Saturday, 7 March 2009

Bloggers’ Duties and Liabilities – Implications of the Supreme Court’s Ruling in the Matter of Ajith

Recently a young blogger from Kerala named Ajith got into some serious trouble after having started an anti-Shiv Sena community on Orkut. Anonymous commentators posted nasty and vile comments on Ajith’s ‘I Hate Shiv Sena’ community website. The Shiv Sena’s youth wing filed a complaint with the Thane (a city on the outskirts of Mumbai) police station against Ajith following which charges were brought against Ajith under sections Sections 295A and 506 of the Indian Penal Code 1860. Fearing arrest, the young blogger approach the Kerala High Court and obtained anticipatory bail. Later, Ajith approached the Supreme Court for an order quashing the criminal complaint filed against him. The Supreme Court ruled against Ajith and directed him to travel to Thane and face the charges filed against him.

My initial reaction on hearing of this was that the Supreme Court had got it all wrong, that the ruling was a blow to the exception freedom of expression one gets on the internet. However, on reflection, I have come to conclusion that the Supreme Court of India was absolutely right in its ruling. My reasons are as follows:

Section 295A of the IPC says as follows:

Whoever, with deliberate and malicious intention of outraging the religious feelings of any class of citizens of India, by words, either spoken or written, or by signs or by visible representations or otherwise, insults or attempts to insult the religion or the religious beliefs of that class, shall be punished with imprisonment of either description for a term which may extend to three years, or with fine, or with both.”

Section 506 of the IPC says as follows:

Whoever commits, the offence of criminal intimidation shall be punished with imprisonment of either description for a term which may extend to two years, or with fine, or with both;

If threat be to cause death or grievous hurt, etc.: -And if the threat be to cause death or grievous hurt, or to cause the destruction of any property by fire, or to cause an offence punishable with death or imprisonment for life, or with imprisonment for a term which may extend to seven years, or to impute, unchastity to a woman, shall be punished with imprisonment of either description for a term which may extend to seven years, or with fine, or with both.

Though Sections 295A and 506 sound reasonable, they can be (and are) interpreted to cover a wide variety of sins. It is interesting to note that the Indian Penal code of 1860 was created by the British Parliament for its Jewel in the Crown which had mutinied in an unprecedented manner just three years ago (in 1857). Over sixty years after independence, the IPC has not seen many amendments. As we all know very well, it is not the Supreme Court’s job to make the law. It only interprets the laws that are made by the representatives of the people in the legislature.

Let’s assume that Ajith were a journalist who writes a regular column in a newspaper. Also, let’s substitute the Shiv Sena for an individual Mr. X who is mild and meek and has difficulty melting cheese in his mouth. What would be your reaction if Ajith were to write an article in the newspaper saying that he hates Mr. X, who is the scum of the earth and should ideally be lynched. Would Mr. X have a cause of action against Ajith? You bet he would! Ajith would be liable for both criminal intimidation and defamation.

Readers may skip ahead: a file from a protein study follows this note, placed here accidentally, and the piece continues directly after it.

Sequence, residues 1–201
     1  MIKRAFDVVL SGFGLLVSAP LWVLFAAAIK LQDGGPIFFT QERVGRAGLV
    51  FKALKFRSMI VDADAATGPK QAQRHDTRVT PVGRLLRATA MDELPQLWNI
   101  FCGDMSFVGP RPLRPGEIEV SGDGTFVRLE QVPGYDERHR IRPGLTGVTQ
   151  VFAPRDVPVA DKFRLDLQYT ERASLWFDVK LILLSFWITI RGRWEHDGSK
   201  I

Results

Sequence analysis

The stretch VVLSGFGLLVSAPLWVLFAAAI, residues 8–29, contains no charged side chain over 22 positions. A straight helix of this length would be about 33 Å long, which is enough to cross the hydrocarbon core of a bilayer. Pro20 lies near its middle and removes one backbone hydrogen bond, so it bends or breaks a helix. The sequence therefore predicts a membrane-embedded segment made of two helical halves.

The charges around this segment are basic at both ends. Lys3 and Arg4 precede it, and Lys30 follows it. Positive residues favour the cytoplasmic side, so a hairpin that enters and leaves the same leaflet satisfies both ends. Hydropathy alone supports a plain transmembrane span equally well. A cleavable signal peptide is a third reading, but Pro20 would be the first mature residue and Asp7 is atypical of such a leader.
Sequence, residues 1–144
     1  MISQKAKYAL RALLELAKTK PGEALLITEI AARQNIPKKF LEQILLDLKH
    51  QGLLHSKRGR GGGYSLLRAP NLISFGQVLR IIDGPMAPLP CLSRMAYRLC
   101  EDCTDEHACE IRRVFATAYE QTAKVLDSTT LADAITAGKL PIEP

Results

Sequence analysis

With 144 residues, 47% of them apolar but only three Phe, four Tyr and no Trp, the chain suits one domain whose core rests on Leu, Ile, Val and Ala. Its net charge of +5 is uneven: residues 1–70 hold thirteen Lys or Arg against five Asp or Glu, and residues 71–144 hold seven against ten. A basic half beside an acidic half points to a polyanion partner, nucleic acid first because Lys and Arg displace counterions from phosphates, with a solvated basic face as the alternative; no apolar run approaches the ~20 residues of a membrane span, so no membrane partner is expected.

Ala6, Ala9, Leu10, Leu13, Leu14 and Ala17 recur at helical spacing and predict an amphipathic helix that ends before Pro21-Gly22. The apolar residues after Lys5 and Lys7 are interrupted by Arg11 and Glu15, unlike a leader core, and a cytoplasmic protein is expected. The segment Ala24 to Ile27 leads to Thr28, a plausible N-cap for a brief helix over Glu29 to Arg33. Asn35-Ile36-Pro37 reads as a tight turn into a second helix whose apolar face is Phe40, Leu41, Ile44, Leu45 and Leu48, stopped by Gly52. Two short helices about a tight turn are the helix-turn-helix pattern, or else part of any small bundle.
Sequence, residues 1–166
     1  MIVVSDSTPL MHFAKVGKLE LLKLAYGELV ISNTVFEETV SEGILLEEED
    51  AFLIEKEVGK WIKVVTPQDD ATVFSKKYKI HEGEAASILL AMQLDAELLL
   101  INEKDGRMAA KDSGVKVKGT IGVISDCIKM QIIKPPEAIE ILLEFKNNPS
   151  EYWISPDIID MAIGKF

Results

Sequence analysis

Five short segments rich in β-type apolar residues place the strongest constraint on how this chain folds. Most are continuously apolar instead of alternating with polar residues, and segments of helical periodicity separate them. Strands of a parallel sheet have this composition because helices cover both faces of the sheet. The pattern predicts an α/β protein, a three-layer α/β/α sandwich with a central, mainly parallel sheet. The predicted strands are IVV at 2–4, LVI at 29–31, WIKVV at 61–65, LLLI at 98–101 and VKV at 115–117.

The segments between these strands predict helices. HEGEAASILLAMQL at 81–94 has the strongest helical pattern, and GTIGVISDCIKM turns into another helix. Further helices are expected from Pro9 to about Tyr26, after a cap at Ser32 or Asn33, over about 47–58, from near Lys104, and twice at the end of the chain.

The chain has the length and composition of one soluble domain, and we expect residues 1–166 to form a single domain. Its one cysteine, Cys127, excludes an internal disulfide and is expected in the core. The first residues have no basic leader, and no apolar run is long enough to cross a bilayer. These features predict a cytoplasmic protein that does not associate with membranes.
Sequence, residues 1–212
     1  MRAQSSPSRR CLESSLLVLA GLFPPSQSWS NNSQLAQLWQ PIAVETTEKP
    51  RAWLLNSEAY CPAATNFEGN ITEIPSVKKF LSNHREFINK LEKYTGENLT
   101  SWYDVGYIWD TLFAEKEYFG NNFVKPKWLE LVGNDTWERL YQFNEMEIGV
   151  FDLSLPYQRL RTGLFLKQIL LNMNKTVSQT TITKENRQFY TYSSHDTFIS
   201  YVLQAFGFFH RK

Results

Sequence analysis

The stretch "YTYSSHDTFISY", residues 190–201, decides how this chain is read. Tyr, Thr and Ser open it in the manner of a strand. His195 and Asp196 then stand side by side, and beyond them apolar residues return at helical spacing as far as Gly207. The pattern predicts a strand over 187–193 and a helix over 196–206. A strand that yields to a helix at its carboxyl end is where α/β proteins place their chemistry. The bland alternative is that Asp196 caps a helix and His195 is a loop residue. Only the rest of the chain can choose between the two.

One of the fundamental principles of law is that every one is equal before the law. Though the intention behind such a principle is to ensure that the weak and the meek do not lose out to the strong and the dominant, the law cannot discriminate against the strong and the powerful either. This would mean that even a nasty piece of work such as the Shiv Sena should have equal protection of the law from criminal intimidation and defamation.

If Ajith were to write a newspaper article against the Shiv Sena defaming it and criminally intimidating it, he would be liable under the IPC. The publisher of the newspaper would also be liable.

In this instant case, it was not Ajith who wrote those nasty comments, but some anonymous individual. However, Ajith is in the position of the publisher of a newspaper who is responsible for whatever is written in his newspaper. It is true that the internet is a free medium where everyone has the freedom to express himself or herself. However, there is no reason to take the view that rules regarding defamation or intimidation shouldn’t apply to the internet.

Bloggers and website owners should ensure that no one publish comments on their blogs or websites unless the blog-owner or website owner has approved the comment.

Finally, let me add this. It seems unbelievable that the Shiv Sena, a party that has specialised in intimidating and harassing minorities in Mumbai should file a complaint against a teenager in a faraway state merely on the basis of comments published on his Orkut community website. I’m sure that the Shiv Sena has not been intimidated by Ajith’s orkut community. It has surely been defamed, but one of the defences to a charge of defamation is that the alleged statement or writing that caused the defamation is ‘true’.

I’m sure that there will be hundreds of lawyers in Mumbai who are happy to defend Blogger Ajith (now a cause celebré). However, travel to Thane Ajith must, as directed by the Supreme Court of India, and answer those ridiculous charges.

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